to get the job done. For Josie, in particular, the school had come to be perceived as ‘the last and only
resort’. Her personal history of immigration, working-class background and academic failure
resulted in a sense that there were no other options:
When I went to see his teacher I was pretty upset about Leigh not reading and it may have
come across like ‘how come Leigh’s not reading. If you aren’t hearing him read what are you
doing then?’I was maybe coming across like that but what I meant was can he possibly have
some extra time. Can someone hear (sic), for God’s sake, give him some extra reading and
let him get on because it’s making my life harder. I was getting so anxious about him not
reading cos I couldn’t really help him. I’d get upset and frustrated and it wasn’t doing Leigh
any good because if he can’t read what was happening. (Josie).
Within the sphere of parental involvement, a potent cocktail of personal educational history,
labour market position, paid domestic labour support or its absence, and the skills and
competencies developed both inside and outside of the labour market generate powerful
reproductive tendencies that shape the relationship between class groupings and education.
Women were mostly reproducing their classed position in the labour market in their educational
work in the home and this work contributed to and intensified educational inequalities. The
ways in which inequalities are exacerbated by the intensification of parental involvement in
schooling are made clear in Maria's words:
You need parental involvement, You need parents to be able to complement what you
are doing but that's all it should be. It shouldn't be any more. You see not all parents can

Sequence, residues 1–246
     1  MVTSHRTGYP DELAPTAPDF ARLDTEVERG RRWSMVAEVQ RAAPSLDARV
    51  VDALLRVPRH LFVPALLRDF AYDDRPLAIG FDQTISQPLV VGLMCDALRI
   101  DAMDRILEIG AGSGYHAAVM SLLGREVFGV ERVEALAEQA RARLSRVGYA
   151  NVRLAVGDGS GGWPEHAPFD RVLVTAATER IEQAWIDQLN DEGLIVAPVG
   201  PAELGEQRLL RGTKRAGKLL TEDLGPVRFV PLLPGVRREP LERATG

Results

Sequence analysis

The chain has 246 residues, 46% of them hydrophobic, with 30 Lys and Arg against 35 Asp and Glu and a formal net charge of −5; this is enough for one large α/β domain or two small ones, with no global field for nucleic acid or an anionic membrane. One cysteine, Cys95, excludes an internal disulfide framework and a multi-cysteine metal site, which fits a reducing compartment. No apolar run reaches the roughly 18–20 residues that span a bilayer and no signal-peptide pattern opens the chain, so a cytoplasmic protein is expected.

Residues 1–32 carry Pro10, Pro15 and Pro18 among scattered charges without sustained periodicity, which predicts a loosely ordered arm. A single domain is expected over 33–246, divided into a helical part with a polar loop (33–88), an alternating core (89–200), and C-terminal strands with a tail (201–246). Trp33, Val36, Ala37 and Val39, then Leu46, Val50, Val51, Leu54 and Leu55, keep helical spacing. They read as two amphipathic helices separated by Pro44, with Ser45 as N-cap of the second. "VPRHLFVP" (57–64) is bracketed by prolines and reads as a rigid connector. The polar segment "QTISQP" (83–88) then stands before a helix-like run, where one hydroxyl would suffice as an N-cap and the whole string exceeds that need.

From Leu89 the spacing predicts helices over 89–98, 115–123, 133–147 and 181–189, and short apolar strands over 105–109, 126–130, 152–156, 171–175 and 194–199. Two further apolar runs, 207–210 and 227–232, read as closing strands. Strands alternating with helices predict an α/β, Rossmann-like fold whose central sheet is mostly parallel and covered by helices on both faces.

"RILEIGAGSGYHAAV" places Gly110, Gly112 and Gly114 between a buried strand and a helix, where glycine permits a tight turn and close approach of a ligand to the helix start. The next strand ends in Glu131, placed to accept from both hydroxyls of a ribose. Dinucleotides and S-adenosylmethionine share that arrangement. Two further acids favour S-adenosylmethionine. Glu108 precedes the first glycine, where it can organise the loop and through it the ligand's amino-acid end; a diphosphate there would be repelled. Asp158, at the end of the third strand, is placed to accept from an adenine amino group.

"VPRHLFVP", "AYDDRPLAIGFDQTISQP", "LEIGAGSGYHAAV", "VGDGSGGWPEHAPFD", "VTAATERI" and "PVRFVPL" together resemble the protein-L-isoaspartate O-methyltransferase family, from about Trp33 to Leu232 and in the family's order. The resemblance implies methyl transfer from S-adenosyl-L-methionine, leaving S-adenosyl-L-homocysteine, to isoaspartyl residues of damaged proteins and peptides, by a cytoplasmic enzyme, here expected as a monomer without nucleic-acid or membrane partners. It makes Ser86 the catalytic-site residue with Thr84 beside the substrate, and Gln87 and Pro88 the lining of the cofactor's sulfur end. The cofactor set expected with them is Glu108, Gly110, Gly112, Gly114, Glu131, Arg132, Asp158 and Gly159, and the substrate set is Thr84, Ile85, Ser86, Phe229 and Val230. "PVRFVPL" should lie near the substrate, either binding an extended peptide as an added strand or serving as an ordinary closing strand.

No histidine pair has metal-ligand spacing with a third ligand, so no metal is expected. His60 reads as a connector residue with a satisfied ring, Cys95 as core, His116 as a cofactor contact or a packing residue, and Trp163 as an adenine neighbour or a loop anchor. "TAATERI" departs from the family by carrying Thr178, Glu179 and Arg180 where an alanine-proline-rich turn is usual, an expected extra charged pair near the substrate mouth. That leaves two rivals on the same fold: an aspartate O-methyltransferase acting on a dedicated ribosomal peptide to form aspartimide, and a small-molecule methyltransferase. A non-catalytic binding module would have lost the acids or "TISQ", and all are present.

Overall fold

do it. Not all parents speak English, not all parents read and write so how can they help
their children at home. They're at a disadvantage anyway so when they come to school
they've got to have the help there. You should be able to say to the teacher "Look I can't
do it. You're qualified, can you do something about it?' without the teacher getting all
upset. There's a lot of parents who can't, just can't do it.
Supporting children's schooling was an easier process if mothers had access to material
and cultural resources and the opportunity to develop educational skills and
competencies. Women need to feel confident about tackling educational work in the
home and to have access to material resources to support such work. Without these other
essential ingredients of cultural capital, the time of mothers like Angie, Maria and Josie
did not count to anything like the same extent as that of the more privileged women. Yet,
it is mothers like Maria, Josie and Angie who are being targeted under current
educational initiatives despite the fact that they are the mothers with the fewest resources
with which to meet government demands for parental involvement.
The work of social reproduction is located in the interlinking of the domestic sphere with
public institutions. The self production of class collectivities (Wacquant 1991: 52) goes